Tourists at iconic sights almost automatically take photographs. This act becomes more complicated at memorials, sites, and museums that commemorate episodes of mass violence. I have photographed visitors and their screens at many such places. The people in my images are strangers who are mostly unaware of my intention, even though I use a hand-held 1940’s 4x5 press camera. My vintage equipment fits well with thinking about the present in terms of the past.
Entrance, Auschwitz II-Birkenau Death Camp, Auschwitz-Birkenau State Memorial and Museum. Republic of Poland
Raising a device between oneself and a site of atrocity can be seen as distancing and reductive. However an impulse to manage and diffuse what these places mean is understandable and perhaps necessary.
Memorial to the Murdered Jews of Europe. Berlin, Federal Republic of Germany
Often the memorials themselves depict the appalling, chaotic events they represent with unwarranted coherence or with the blankness of preserved artifacts. They invite engagement but also obstruct it.
Srebrebnica-Potocari Memorial and Cemetery for the Victims of the 1995 Genocide. Republic of Bosnia and Herzegovina
The memorials and the photography each suggest questions: how to see these sites; how to empathize with the unknowable experiences of the people who were caught up in the events; how to understand the ways in which past horrors configure our present world; how to live with our knowledge.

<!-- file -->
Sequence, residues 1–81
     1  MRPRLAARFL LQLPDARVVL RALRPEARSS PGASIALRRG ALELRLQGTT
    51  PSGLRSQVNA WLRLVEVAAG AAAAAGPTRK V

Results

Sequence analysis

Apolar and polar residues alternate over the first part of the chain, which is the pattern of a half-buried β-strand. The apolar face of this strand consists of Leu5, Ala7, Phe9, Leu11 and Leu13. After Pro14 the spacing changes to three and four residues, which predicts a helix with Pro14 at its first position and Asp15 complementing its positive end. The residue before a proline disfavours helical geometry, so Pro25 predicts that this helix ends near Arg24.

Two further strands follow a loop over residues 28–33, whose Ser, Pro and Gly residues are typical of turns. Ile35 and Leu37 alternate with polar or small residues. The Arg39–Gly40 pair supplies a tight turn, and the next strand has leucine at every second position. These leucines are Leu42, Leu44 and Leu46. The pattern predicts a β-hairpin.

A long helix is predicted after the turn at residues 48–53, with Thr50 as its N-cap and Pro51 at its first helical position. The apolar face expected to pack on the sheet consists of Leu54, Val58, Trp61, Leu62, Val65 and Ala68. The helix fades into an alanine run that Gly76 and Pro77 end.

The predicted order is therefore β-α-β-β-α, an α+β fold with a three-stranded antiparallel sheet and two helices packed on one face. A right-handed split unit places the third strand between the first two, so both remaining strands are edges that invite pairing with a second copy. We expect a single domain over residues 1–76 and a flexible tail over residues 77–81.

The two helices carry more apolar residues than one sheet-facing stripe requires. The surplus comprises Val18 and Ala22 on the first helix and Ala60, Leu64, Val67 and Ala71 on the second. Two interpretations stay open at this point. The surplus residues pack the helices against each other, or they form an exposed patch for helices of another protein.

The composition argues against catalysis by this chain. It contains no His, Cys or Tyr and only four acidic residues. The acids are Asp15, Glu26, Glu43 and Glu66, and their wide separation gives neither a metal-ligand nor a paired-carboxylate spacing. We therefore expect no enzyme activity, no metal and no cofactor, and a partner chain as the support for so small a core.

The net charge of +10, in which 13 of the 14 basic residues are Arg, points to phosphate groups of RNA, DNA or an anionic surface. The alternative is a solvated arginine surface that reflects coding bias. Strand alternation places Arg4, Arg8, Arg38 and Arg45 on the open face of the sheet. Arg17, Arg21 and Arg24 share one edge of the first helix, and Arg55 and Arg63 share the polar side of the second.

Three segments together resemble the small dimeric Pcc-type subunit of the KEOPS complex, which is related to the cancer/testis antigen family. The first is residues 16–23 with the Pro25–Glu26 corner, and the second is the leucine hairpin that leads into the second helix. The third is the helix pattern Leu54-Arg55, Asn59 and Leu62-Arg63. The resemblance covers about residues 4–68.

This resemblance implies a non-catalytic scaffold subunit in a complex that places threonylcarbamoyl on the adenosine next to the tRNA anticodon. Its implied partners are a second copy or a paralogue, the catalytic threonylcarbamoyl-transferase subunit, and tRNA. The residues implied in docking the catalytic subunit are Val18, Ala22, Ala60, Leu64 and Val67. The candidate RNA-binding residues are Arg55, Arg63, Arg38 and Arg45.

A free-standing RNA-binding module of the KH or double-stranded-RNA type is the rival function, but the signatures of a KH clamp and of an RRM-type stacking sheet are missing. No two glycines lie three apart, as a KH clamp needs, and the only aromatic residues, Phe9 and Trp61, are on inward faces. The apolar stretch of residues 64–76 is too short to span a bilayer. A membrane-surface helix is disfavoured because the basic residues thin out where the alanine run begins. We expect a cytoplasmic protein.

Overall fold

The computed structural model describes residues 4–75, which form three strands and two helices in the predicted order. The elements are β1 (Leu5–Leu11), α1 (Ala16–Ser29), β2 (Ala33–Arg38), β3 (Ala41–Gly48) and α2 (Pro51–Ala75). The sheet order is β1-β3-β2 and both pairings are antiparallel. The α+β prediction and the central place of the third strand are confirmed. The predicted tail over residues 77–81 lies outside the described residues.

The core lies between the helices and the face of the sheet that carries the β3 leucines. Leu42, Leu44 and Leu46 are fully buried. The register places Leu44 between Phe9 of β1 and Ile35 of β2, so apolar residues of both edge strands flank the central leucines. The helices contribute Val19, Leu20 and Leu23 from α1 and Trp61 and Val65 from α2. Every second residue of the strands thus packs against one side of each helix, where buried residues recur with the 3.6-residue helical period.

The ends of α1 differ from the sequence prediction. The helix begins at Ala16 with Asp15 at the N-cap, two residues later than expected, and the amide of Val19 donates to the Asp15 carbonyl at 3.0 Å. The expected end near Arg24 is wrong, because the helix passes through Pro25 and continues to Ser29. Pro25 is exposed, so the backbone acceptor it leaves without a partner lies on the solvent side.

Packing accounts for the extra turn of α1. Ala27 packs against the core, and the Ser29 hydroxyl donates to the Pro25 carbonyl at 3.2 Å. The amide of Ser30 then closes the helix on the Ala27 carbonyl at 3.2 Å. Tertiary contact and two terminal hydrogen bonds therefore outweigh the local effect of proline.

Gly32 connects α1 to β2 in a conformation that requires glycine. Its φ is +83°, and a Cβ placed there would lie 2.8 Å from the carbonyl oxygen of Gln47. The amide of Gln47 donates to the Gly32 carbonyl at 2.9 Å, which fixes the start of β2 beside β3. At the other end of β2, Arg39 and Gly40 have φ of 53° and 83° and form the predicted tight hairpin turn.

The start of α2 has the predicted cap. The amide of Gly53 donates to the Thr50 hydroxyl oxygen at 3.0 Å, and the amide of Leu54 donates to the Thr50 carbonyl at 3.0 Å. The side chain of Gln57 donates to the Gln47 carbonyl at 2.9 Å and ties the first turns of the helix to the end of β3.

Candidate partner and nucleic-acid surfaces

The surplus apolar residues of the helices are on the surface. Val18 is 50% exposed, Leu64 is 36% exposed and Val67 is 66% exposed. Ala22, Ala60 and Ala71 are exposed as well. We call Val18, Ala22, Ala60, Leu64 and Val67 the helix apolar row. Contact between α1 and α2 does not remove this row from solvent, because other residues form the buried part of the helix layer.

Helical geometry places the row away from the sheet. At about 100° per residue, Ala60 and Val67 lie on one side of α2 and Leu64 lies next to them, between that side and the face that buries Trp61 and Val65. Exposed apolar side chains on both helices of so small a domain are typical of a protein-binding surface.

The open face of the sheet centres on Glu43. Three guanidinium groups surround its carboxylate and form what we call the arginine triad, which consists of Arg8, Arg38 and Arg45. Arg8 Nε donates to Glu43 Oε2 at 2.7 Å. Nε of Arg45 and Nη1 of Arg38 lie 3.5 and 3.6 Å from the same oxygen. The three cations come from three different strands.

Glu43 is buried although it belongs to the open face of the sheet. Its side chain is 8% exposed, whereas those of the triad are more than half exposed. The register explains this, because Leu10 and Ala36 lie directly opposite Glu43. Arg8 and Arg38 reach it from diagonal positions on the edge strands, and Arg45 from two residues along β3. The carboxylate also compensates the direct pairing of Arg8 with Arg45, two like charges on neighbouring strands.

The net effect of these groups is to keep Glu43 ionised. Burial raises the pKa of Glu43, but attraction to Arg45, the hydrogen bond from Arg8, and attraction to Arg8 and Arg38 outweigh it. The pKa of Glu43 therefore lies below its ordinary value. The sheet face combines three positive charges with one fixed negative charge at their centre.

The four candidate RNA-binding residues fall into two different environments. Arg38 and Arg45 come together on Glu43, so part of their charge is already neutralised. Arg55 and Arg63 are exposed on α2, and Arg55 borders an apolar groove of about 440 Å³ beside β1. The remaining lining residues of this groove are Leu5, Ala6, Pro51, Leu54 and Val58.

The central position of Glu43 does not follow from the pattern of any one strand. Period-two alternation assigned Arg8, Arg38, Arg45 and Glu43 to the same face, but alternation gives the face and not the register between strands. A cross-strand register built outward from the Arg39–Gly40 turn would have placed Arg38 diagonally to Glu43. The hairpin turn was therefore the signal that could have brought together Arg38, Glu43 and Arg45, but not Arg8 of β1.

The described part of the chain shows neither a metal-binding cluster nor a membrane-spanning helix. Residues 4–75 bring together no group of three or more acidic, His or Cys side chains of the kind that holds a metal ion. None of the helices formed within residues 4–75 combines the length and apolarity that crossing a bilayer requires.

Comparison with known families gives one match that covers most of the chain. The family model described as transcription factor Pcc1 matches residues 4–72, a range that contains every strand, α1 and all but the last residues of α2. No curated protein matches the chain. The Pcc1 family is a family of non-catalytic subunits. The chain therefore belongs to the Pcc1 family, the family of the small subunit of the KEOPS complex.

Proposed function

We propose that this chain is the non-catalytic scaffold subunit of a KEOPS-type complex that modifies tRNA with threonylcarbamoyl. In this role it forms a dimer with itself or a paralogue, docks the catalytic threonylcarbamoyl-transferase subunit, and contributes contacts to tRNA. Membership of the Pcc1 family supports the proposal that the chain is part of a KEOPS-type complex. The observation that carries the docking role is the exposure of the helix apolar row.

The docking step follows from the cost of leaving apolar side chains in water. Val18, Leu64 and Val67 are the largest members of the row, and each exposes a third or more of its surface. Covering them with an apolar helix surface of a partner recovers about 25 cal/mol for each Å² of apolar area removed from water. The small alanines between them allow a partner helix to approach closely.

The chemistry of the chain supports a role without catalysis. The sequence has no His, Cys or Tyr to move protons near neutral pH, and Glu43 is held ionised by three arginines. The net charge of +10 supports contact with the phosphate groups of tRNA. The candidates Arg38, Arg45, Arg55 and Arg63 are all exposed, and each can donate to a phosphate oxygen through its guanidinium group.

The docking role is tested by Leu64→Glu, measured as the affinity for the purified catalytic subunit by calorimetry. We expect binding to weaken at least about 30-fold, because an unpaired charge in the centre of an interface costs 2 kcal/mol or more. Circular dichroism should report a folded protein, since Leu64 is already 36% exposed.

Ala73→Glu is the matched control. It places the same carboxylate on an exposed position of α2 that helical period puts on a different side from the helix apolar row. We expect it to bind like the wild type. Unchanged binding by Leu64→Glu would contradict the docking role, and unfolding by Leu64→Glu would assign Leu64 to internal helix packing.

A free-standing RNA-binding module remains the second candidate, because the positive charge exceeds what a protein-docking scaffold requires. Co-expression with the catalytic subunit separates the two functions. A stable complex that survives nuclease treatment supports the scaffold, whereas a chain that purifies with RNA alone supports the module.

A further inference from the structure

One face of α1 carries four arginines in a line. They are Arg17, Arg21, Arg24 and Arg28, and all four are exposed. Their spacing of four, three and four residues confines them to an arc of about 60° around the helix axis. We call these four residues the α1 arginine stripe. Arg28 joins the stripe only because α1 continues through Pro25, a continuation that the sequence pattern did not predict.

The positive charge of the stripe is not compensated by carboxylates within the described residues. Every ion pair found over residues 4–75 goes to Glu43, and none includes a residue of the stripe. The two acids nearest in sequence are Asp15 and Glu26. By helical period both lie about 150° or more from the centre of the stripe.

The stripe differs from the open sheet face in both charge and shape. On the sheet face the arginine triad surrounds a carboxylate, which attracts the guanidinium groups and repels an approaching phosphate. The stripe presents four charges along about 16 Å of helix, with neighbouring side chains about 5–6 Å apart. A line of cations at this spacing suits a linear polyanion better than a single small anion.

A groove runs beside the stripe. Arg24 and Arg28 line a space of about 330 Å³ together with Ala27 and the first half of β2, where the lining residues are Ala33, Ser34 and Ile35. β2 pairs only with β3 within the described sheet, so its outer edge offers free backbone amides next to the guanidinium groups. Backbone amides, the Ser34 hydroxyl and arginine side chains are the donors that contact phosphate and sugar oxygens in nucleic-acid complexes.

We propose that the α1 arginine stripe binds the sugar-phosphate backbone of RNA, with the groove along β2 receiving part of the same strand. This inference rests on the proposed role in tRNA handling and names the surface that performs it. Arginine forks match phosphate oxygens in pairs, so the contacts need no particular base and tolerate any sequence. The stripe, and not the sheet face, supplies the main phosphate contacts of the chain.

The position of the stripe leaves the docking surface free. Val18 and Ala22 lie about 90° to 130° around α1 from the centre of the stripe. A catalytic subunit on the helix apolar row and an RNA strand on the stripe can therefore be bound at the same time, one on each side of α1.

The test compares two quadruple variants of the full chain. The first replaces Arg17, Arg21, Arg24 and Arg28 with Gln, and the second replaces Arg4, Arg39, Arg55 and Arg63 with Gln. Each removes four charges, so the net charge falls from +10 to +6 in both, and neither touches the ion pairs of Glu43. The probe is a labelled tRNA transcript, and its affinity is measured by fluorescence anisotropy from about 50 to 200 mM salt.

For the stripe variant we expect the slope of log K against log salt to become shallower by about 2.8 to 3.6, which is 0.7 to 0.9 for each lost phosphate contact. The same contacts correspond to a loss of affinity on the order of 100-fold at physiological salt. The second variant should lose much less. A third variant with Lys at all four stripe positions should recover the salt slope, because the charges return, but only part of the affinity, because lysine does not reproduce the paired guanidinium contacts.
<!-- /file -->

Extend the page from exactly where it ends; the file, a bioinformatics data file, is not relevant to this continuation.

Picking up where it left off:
Eternal Flame Memorial to the Victims of World War II from Sarajevo. Sarajevo, Republic of Bosnia and Herzegovina
The images are printed large - 22 x 28 inches - rendering hands, screen images, and screen icons close to life size.
Peace Park and Goddess of Peace Statue, Memorial Hall to the Victims of the Nanjing Massacre (Rape of Nanking). Nanjing, People’s Republic of China
Interrogation Cell at S21 Tuol Sleng Prison and Torture Center. Phnom Penh, Kingdom of Cambodia
Memorial and Place of Meditation upon the Martyrdom of 65,000 Polish Citizens of Jewish Nationality from Cracow. Kasimierz, Republic of Poland
Site of Former Body-Burning Pit. Treblinka II Death Camp, Republic of Poland
Auschwitz I Concentration Camp, Auschwitz-Birkenau State Memorial and Museum. Oświęcim, Republic of Poland
Gas Chamber, Majdanek Concetration Camp. Majdanek State Museum, Lublin, Republic of Poland
Execution Posts, Breendonk Fortress Concentration Camp, Kingdom of Belgium
Guard Tower, Majdanek Concetration Camp. Majdanek State Museum, Lublin, Republic of Poland
Memorial Plaques on Crematorium Wall. Chełmno Death Camp Forest Site. Chełmno nad Varem, Republic of Poland
Stairway of Death. The Quarry, Mauthausen Concentration Camp, Austria
Czech National Cemetery, Theresienstadt Concentration Camp Small Fortress. Terezin, Czech Republic
Ryozen Kannon Memorial to the Dead of the Pacific War. Kyoto, Japan.
Tree Used for Smashing Children's Heads, Cheoung Ek Killing Fields. Phnom Penh, Kingdom of Cambodia
Cenotaph for the Atomic Bomb Victims, Hiroshima Peace Memorial Park. Hiroshima, Japan
Oklahoma City National Memorial. Oklahoma City, United States of America
National September 11 Memorial and Museum. New York, United States of America
"Hot Box" Iron Jail, Whitney Museum of Slavery. Louisiana, United States of America
Columbine School Shooting Memorial. Littleton, Colorado, United States of America
Massacre Memorial. Wounded Knee, S. Dakota, United States of America
Thiepval Memorial to the Missing of the Somme. Picardy, Republic of France
WWI Cemetery for German Soldiers. Neuville St. Vaast, Kingdom of Belgium
Canadian National Vimy Memorial. Vimy Ridge, Near Arras, Republic of France. 2015
The Normandy American Cemetery and Memorial, Colleville-sur-Mer, Normandy, Republic of France
German Soldiers Cemetery, La Cambe, Normandy, Republic of France
Vietnam Veterans Memorial. Washington DC, United States of America